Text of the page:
The Headline Message From The Chancellor The Growth Plan 2022 makes growth the government’s central economic mission, setting a target of reaching a 2.5% trend rate. Sustainable growth will lead to higher wages, greater opportunities and provide sustainable funding for public services. The United Kingdom currently faces a period of high inflation. The government has already taken significant steps to address high energy bills, the biggest challenge, by announcing the Energy Price Guarantee. To drive higher growth, the government will help expand the supply side of the economy. The Growth Plan sets out action to unlock private investment across the whole of the UK, cut red tape to make it quicker to deliver the UK’s critical infrastructure, make work pay, and support people to get onto the property ladder. Taken together, reforming the supply side of the economy, cutting and simplifying tax, and maintaining fiscal discipline will drive efficiency, enhance UK competitiveness, and help to boost growth sustainably in the long term. Some of the measures announced by the Chancellor were as follows.   Rates and Allowances 2022/23 2021/22 Income tax rates – England and Wales (non-dividend income) 0% lower rate tax – savings rate only Up to £5,000 Up to £5,000 20% basic rate tax £12,571 to £50,270 £12,571 to £50,270 40% higher rate tax £50,271 to £150,000 £50,271 to £150,000 45% additional rate tax Above £150,000 Above £150,000 Scottish income tax rates (non-dividend income) 19% starting rate tax £12,571 to £14,732 £12,571 to £14,667 20% basic rate tax £14,733 to £25,688 £14,668 to £25,296 21% intermediate rate tax £25,688 to £43,662 £25,297 to £43,662 41% higher rate tax £43,663 to £150,000 £43,663 to £150,000 46% top rate Above £150,000 Above £150,000 Personal allowance Personal allowance £12,570 £12,570 The government will reduce the basic rate of income tax to 19% for England and Wales from April 2023. Also, the additional rate of income tax of 45% is abolished from April 2023, meaning the highest rate of income tax for individuals will be 40%. The announcements to income tax do not automatically affect rates in Scotland. The Scottish Government, which has responsibility for setting bands and rates of income tax in Scotland, will set out its plans for income tax (and other devolved taxes, including the property tax Land & Buildings Transactions Tax) in its draft budget, expected to be published in early December and finalised in February.   Income Tax The basic rate of income tax will be cut to 19% from April 2023, 12 months earlier than planned. This will apply to non-savings, non-dividend income for taxpayers in England, Wales and Northern Ireland, the savings basic rate which applies to savings income for taxpayers across the UK and the default basic rate which applies to non-savings and non-dividend income of any taxpayer that is not subject to either the main rates or the Scottish rates of income tax. A four-year transition period for Gift Aid relief will apply, to maintain the income tax basic rate relief at 20% until April 2027. There will also be one-year transitional period for Relief at Source (RAS) pension schemes to permit them to continue to claim tax relief at 20%. The additional rate of income tax will also be removed from April 2023. This will apply to the additional rate of non-savings, non-dividend income for taxpayers in England, Wales and Northern Ireland. The additional rate for savings, dividends and the default rates will also be removed from April 2023, and this change will apply UK-wide. As the additional rate of income tax will be removed current additional rate taxpayers will also benefit from the Personal Savings Allowance of £500 for higher rate taxpayers.   National Insurance As previously announced, from April 2022 the rate of National Insurance contributions across all classes (except Class 2 and 3) was increased by 1.25%. The increase in National Insurance contributions for the period 6 April 2022 to 5 November 2022 will apply to: Class 1 (paid by employees) Class 4 (paid by self-employed) Secondary Class 1, 1A and 1B (paid by employers). Employers will only pay on earnings above the secondary threshold. However, as announced on 23 September 2022, these rates are reverted to historical rates with effect from 6 November 2022. Furthermore, the new Health and Social Care Levy, which was due to take effect from 6 April 2023 is now scrapped. There are no changes to the Primary Threshold and Lower Profits Limit which were increased from £9,880 to £12,570 in April 2022. These are aligned with the personal allowance threshold. NI Category 2022-23 2021-22 Employee’s primary class 1 rate between primary threshold and upper earnings limit (up to 5 November 2022) From 6 November 2022 13.25% 12% 12% Employee’s primary class 1 rate above upper earnings limit From 6 November 2022 3.25% 2% 2% Employer’s secondary class 1 rate above secondary threshold From 6 November 2022 15.05% 13.80% 13.80% Class 4 rate between lower profits limit and upper profits limit From 6 November 2022 10.25% 9% 9% Class 4 rate above upper profits limit From 6 November 2022 3.25% 2% 2% National insurance 2022/23 2021/22 Lower earnings limit, primary class 1 (per week) £123 £120 Upper earnings limit, primary class 1 (per week) £967 £967 Apprentice upper secondary threshold (AUST) for under 21s/25s £967 £967 Primary threshold (per week) £190 up to 5 July 2022; £242 from 6 July 2022 onwards (see below) £184 Secondary threshold (per week) £175 £170 Class 2 small profits threshold (per year) £6,725 £6,515 Class 4 lower profits limit £11,908 £9,568 Class 4 upper profits limit £50,270 £50,270 The annual National Insurance Primary Threshold and Lower Profits Limit, for employees and the self-employed respectively, was increased from £9,880 to £12,570 from July 2022. From April 2022, self-employed individuals with profits between the Small Profits Threshold and Lower Profits Limit will not pay Class 2 NICs. Over the year as a whole for 2022-23, the Lower Profits Limit, the threshold below which self-employed people do not pay National Insurance, is equivalent …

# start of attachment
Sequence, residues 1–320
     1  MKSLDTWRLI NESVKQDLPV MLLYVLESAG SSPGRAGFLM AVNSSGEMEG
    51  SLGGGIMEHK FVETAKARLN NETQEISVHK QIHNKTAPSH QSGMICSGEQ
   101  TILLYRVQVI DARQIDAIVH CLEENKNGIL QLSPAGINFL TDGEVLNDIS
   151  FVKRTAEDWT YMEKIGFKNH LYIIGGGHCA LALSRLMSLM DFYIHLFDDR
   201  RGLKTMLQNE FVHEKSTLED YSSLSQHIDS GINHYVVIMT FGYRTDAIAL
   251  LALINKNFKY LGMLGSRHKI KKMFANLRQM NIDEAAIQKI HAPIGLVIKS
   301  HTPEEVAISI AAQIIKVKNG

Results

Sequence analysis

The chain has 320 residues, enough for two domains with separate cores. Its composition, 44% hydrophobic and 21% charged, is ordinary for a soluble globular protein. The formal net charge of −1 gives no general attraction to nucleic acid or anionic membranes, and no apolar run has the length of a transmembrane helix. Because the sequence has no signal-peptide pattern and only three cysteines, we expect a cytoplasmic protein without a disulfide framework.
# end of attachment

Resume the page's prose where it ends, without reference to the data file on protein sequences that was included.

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closing a limited company